16 16 Chemistry for Matriculation Semester 1 (a) M r of calcium hydroxide, Ca(OH) 2 = (16 + 1) = 74.1 Number of moles of Ca(OH) 2 = = 2.0 Number of moles of oxygen atoms = = 4.0 Mass of oxygen atoms = = 64.0 g (b) Relative molecular mass of H 2 O 2, M r = (2 1) + (2 16) = 34 Number of moles of H 2 O 2 = Mass = 25.5 M r 34 = 0.75 Number of moles of oxygen atoms = = dm 3 mol 1 at s.t.p.* volume of gas (dm 3 ) number of moles, n * Use 24 dm 3 at room temperature dm 3 mol 1 at s.t.p.* Mole Concept and Molar Volume of Gases 1 For reactions that involve gases, the reacting volumes of gases (rather than their reacting masses) are often used. 2 The volume occupied by one mole of any gas is called the molar volume. (a) At s.t.p. (standard temperature and pressure), the molar gas volume is 22.4 dm 3. The conditions for s.t.p. are 0 C and 1 atm pressure. (b) At room temperature and pressure (20 C and 1 atm pressure), the molar gas volume is 24 dm 3. 3 The relationship between the number of moles of a gas and the volume of a gas is given by the formula: Number of moles, n = Volume of gas (dm 3 ) 22.4 (dm 3 mol 1 ) at s.t.p. = Volume of gas (dm 3 ) 24 (dm 3 mol 1 ) at r.t.p. The interconversion between moles, mass, number of particles and molar volume of gas is shown below. Number of particles (atom, molecule or ion) N A N A Number of moles 1 mole of any substance contains particles A r or M r A r or M r Mass (g) 22.4 dm 3 mol 1 at s.t.p. or 24 dm 3 mol 1 at room temperature 22.4 dm 3 mol 1 at s.t.p. or 24 dm 3 mol 1 at room temperature Volume of gas (dm 3 )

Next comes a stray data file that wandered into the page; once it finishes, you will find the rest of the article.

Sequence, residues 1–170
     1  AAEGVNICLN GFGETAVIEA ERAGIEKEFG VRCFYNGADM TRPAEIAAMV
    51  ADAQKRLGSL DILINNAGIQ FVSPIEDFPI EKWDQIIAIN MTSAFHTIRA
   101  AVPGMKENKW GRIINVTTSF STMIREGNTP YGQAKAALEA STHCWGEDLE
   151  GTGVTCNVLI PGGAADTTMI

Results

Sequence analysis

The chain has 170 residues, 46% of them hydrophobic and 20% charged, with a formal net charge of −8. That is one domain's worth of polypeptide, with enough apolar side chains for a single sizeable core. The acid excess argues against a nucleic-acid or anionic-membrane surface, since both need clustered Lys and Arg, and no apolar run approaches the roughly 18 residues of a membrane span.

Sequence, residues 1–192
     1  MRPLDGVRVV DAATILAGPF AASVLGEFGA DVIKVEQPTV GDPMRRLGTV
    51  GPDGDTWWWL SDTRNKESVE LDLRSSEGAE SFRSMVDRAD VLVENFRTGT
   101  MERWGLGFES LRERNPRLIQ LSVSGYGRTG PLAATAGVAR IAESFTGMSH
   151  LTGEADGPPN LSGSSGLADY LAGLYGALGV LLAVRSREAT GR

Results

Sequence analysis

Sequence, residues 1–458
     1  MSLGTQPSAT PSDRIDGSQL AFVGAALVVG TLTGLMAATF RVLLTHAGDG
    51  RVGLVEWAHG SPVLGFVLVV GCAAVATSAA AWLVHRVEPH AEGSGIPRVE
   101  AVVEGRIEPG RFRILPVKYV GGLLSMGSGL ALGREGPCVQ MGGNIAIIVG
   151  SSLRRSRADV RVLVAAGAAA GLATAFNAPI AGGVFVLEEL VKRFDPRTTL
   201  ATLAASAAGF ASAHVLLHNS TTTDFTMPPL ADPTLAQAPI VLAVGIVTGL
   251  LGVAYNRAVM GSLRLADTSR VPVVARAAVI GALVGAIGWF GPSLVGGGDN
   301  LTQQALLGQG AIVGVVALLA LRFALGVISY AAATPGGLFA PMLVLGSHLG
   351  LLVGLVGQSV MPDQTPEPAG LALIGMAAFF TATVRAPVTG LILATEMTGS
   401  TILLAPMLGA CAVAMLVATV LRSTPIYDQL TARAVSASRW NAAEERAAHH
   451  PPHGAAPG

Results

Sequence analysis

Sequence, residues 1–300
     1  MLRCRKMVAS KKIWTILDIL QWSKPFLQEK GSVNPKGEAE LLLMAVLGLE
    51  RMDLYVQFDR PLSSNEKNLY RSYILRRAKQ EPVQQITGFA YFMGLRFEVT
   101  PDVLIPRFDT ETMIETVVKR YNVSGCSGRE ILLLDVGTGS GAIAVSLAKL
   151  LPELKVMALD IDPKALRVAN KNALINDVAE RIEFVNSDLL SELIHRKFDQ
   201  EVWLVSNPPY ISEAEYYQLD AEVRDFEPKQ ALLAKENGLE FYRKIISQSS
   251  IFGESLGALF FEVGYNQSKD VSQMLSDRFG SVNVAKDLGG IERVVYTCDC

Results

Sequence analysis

17 Matter 17 EXAMPLE 1.11 When potassium chlorate(v) solid is heated strongly, oxygen gas is liberated. 2KClO 3 (s) 2KCl(s) + 3O 2 (g) (a) A sample of KClO 3 released 48 dm 3 of oxygen gas at s.t.p. How many moles of oxygen gas are there? (b) How many molecules of oxygen are there in 48 dm 3 of oxygen gas? (c) Calculate the volume of oxygen gas evolved at s.t.p. when 0.5 g of potassium chlorate(v) is heated. (a) Number of moles of O 2 = 48.0 dm 3 = 2.14 mol 22.4 dm 3 1 mol (b) Number of molecules = 2.14 mol mol 1 = (c) 2 moles of KClO 3 produce 3 moles of oxygen gas (O 2 ). 2 moles of KClO 3 produce dm 3 of oxygen gas. M r for KClO 3 = (3 16) = Number of moles of KClO 3 used = 0.5 g 1 = mol g mol Volume of oxygen gas produced = mol dm 3 mol 1 = dm 3 Empirical and Molecular Formulae 1 The empirical formula of a compound is the formula which shows the simplest ratio of the atoms of the elements present in a compound. For example, an ethane (C 2 H 6 ) molecule contains 2 carbon atoms and 6 hydrogen atoms. The ratio of carbon : hydrogen = 2 : 6 = 1 : 3. Thus, its empirical formula is CH 3. EXAMPLE 1.12 When 2.67 g of copper reacts with excess sulphur, the mass of the compound obtained is 4.01 g. What is the empirical formula of the compound? (Relative atomic mass: Cu, 63.5; S, 32) Number of moles of copper = 2.67 = mol 63.5 Mass of sulphur in the compound = = 1.34 g Number of moles of sulphur = 1.34 = mol 32 Mole ratio of Cu : S = : = 1 : 1 The empirical formula of the copper compound is CuS. 2 The empirical formula of a compound is usually determined from the percentage composition (by mass) of the elements present in the molecule.